Eliodoro Sollima (1926-2000) was a Sicilian musician raised in the town of Marsala, where the concert hall is dedicated to his memory. From 1954 to 1991 he taught composition at the conservatoire in Palermo, where he was also the institution’s director for 16 years. This is the only album dedicated to his music: new recordings made by a young contemporary music ensemble, who are joined by the composer’s son, Giovanni Sollima, a cellist and composer in his own right who has made several previous albums for Brilliant Classics.
Sollima studied piano with Arturo Benedetti Michelangeli, and he wrote for his instrument with a thorough grasp of its range as a Romantic instrument – Italian TV broadcasts preserve some unfussily accomplished performances of Liszt – which courses through his best-known piece, the Toccata of 1951. However, his idiom embraced a Bartokian toughness of rhythm, most vividly demonstrated here by the three movements for piano trio (for which Sollima received compliments from Isaac Stern). In 1968 he wrote a powerful concerto for string orchestra in memory of Bobby Kennedy, and the tortured harmonies of this piece carry over into both the contemporaneous piano trio and the later ‘Evoluziona No.5’ for violin and piano.
However, the album surveys the full range of Sollima’s oeuvre, from the brief and touching Aria he composed for a chamber quintet as a 19-year-old, to a compact Cello Sonata written at the age of 22 in 1948. From almost half a century later dates the ‘Legend of St Damiano’, a single-movement piano quartet that effectively synthesises the evolution of the composer’s music.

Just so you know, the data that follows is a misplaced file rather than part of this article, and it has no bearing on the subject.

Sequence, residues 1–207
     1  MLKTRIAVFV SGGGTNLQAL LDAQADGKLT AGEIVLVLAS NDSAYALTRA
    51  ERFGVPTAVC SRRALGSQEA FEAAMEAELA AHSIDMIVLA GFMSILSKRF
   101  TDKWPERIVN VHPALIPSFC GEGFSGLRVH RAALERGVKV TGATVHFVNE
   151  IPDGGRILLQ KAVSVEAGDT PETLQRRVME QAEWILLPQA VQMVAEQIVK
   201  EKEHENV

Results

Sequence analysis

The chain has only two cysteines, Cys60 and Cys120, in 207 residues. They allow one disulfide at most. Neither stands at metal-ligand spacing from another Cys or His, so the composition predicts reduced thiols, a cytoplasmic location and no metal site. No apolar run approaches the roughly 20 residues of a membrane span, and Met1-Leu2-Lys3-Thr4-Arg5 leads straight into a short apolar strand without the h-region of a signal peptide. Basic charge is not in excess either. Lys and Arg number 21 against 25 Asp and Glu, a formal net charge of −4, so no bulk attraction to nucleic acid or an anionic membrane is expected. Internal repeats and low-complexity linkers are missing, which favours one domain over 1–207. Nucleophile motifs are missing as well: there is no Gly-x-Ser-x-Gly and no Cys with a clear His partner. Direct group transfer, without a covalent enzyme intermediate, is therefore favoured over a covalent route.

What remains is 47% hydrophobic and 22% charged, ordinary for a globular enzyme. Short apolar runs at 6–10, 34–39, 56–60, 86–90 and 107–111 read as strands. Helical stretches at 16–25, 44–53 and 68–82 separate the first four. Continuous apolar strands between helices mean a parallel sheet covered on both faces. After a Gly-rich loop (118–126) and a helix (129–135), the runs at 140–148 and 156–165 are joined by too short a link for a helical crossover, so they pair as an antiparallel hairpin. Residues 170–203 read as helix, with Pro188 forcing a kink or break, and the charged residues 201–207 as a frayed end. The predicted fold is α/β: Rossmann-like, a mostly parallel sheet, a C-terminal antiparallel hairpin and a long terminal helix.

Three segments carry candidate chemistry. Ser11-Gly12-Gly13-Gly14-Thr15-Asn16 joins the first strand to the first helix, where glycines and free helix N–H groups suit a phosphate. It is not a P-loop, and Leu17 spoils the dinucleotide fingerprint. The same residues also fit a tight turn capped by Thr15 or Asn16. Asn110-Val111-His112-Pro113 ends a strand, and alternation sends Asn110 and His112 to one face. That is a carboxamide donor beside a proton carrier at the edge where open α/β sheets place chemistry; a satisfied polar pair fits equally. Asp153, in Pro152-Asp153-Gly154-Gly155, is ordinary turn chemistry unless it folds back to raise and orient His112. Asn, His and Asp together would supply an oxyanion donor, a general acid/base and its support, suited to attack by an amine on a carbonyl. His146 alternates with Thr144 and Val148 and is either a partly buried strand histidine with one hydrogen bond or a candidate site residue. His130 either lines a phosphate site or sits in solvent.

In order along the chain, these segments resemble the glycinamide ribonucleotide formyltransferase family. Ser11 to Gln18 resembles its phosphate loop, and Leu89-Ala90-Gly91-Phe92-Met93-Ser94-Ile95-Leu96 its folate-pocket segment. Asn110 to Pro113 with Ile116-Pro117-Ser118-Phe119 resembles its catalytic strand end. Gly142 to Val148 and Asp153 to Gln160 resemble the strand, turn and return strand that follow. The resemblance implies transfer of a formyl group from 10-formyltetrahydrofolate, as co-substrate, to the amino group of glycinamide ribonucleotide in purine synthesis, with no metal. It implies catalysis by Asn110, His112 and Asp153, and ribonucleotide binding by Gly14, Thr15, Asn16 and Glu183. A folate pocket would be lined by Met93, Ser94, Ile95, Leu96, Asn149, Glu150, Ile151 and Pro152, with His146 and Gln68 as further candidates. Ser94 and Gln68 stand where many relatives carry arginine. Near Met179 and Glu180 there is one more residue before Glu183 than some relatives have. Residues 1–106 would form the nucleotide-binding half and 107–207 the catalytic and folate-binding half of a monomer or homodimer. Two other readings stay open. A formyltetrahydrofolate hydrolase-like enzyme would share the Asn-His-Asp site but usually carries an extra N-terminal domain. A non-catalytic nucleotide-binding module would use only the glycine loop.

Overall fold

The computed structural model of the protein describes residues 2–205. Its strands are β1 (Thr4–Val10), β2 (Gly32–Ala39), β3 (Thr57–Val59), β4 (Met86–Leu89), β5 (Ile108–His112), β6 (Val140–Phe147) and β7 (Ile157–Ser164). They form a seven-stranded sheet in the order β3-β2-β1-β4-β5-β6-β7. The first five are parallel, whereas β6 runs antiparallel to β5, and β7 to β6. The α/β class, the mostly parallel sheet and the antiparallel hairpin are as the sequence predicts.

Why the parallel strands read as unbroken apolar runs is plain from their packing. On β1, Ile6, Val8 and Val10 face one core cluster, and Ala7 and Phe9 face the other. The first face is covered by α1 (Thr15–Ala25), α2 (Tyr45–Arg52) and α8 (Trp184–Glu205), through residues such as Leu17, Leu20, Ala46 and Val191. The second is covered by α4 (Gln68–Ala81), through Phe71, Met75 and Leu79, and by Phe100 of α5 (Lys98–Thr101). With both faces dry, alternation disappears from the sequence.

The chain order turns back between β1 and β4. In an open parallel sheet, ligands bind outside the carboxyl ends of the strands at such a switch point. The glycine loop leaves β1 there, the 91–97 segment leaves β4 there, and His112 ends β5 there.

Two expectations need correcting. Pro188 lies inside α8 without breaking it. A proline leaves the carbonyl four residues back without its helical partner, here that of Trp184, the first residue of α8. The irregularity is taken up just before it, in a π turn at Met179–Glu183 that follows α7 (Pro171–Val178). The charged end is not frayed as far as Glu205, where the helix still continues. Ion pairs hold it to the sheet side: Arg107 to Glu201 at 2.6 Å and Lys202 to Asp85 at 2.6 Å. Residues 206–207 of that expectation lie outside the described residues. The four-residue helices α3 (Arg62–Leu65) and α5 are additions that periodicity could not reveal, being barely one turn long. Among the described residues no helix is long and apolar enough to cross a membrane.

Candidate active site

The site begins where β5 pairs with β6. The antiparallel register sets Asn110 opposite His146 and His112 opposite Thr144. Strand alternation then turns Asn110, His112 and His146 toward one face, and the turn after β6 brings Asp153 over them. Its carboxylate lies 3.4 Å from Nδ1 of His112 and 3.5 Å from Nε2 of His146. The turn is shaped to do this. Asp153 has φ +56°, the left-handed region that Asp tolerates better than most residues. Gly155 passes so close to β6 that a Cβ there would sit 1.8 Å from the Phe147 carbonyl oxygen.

Luciano Tarantino recorded Giovanni Sollima’s own music on a ‘Cello Solo Journey’ released in 2019 by Brilliant Classics (95964). His own playing can also be enjoyed on a 2014 album of Offenbach’s cello duets (94475).
Eliodoro Sollima was a remarkable Italian composer, teacher and pianist. He perfected his piano playing at the Accademia Chigiana in Siena with Guido Agosti and in Arezzo with Arturo Benedetti Michelangeli, who selected him in May 1954 for the first Italian performance of Alban Berg's Kammerkonzert at the Teatro Nuovo in Milan. In 1965 he founded the Trio di Palermo.
His personal style combines contemporary harmonies with poignant and passionate, almost late-romantic phrases. He is a man, a musician at one with his land and the multi-ethnicity of musical roots that it offers, and an innovative experimenter of every current of musical thought of his time, without ever being exclusively linked to any of them.
This new recording presents a selection of Sollima’s chamber music: a Cello Sonata, Tre Movimenti for piano trio, and a Quartetto for piano quartet.
Played by the Kinari Ensemble (violin, cello, viola, piano) and cellist Giovanni Sollima, the composer’s son and one of the most outstanding cellists of his generation.